Do you foresee opposition to these ideas? On what grounds?
Opposition to these suggestions is almost certainly inevitable. The suggested changes may be deemed to constitute "new" taxes. I submit that neither recapturing property tax revenues foregone nor redirecting increments in property tax liability flowing from increasing property values constitute new taxes. Rather, in each case, the liability should or already exists. As such, in neither case is there a new tax. There may also be opposition to reallocations that adversely affect previously favored interests. That effect is undeniable and would have to be addressed and resolved as a part of the process of rethinking some of these challenges.
What role do you think the federal government should play in public education funding?
In light of the financial pressures presently facing the federal government, I am pessimistic about the possibility of increased direct federal support for public schools. I argue, however, that additional funding for public education might be indirectlyprovided through the Internal Revenue Code.
I believe that Congress through the code could signal a strong preference for sub-federal reliance on property tax as a funding source for public education that would prove stable and productive over time. As such, I suggest in the paper that Congress do this by providing an income tax credit available to alltaxpayers for property tax liability borne up to some pre-determined amount. With regard to itemizing taxpayers, the credit would appropriately reduce and replace the deduction presently available for all property taxes paid. It would be nonrefundable. In short, treated as a credit, the property tax levy would reduce what would otherwise be federal tax liability dollar-for-dollar up to the pre-set cap. The cost to the federal treasury would be real; the credit offsets dollars that would otherwise be a part of the liability for federal taxes. It is also possible, however, that the credit's availability would facilitate local and state governments' ability to generate increased funding for public schools.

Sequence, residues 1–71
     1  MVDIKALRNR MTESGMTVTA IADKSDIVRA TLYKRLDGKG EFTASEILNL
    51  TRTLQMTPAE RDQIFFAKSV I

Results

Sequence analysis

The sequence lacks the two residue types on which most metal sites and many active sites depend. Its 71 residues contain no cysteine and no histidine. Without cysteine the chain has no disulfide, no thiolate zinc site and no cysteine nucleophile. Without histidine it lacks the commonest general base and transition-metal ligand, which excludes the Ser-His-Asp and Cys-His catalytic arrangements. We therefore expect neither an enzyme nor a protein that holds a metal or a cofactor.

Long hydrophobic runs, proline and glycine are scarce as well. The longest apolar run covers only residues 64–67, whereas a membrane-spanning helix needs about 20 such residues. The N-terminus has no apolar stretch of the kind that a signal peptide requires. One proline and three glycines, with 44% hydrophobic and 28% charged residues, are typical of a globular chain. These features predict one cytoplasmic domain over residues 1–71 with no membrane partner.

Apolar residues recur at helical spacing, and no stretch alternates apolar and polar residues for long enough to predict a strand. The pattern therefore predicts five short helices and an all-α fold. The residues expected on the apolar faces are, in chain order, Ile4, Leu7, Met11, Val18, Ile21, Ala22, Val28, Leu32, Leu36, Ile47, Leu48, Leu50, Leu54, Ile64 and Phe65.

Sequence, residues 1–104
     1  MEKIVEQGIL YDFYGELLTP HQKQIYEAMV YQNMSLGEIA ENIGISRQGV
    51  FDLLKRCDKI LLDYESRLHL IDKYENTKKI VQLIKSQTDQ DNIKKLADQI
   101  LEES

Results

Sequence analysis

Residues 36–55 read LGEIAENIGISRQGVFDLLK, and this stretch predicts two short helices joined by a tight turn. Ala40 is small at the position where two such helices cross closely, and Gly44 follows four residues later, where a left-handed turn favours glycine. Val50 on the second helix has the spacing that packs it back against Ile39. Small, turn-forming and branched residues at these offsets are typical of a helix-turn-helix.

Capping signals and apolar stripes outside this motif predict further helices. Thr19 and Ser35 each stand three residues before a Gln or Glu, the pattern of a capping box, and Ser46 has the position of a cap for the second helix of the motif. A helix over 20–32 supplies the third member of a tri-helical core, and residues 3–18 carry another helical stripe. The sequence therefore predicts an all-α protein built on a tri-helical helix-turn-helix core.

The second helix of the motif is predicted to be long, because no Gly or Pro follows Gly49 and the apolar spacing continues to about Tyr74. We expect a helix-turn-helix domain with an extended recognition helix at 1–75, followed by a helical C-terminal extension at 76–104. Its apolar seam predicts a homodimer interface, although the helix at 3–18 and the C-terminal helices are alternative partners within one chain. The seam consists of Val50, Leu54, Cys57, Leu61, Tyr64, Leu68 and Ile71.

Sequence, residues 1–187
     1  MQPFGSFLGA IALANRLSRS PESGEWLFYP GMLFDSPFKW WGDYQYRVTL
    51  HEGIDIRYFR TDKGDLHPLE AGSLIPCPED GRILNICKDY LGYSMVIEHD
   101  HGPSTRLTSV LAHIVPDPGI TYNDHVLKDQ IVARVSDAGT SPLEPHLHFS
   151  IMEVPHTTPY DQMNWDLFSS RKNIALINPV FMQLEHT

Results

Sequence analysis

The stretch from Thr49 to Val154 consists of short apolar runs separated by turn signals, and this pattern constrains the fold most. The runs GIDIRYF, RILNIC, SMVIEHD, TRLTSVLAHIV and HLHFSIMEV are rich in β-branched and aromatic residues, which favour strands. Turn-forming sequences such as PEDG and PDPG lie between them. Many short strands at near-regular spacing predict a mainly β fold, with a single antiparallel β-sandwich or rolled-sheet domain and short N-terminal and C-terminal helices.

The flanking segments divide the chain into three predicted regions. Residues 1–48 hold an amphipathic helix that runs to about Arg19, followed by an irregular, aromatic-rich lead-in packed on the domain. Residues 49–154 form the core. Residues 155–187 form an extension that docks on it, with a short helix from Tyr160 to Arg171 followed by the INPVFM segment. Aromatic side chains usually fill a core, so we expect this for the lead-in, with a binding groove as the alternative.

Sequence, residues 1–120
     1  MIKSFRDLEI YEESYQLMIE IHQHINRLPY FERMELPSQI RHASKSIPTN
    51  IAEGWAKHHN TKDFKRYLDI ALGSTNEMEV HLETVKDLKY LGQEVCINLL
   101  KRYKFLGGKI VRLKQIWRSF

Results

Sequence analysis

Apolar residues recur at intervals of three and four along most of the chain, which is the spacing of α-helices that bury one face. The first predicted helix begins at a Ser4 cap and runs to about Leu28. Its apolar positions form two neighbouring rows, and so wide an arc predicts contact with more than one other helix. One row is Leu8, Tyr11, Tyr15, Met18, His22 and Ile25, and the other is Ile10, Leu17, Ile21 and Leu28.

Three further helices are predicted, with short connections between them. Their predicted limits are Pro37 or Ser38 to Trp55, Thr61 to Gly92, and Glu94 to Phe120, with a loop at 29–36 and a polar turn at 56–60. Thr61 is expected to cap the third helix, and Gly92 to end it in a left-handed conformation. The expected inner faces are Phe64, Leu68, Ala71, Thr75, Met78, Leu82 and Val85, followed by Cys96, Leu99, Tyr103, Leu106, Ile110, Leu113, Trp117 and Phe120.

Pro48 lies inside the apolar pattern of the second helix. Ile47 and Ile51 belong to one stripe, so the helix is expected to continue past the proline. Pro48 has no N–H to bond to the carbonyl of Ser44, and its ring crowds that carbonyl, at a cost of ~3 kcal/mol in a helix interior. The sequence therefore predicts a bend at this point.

What led you to study this topic?
In the interest of full disclosure, I was educated through high school in public schools and my parents were public school teachers. My personal interest in public education overall is thus both deep and abiding. That said, at least three factors contributed to my research interest in this particular project. First, as an ongoing matter, I am always intrigued by public finance matters generally — particularly how public financing decisions benefit as well as burden taxpayers. Second, I am concerned by the national trend toward lessening support for public education. I sought to learn more about the financial factors contributing to what I personally believe to be an undesirable and ultimately deeply damaging diminution in support for this enterprise. Finally, I hope that in sharing what I have learned, I might enrich and usefully contribute to the ongoing debate swirling around public education funding questions.
What will you work on next?
I have not yet settled on my next topic. It will, however, almost certainly be some variant on the theme to which I often return: How can our systems of public finance best and most fairly serve all taxpayers?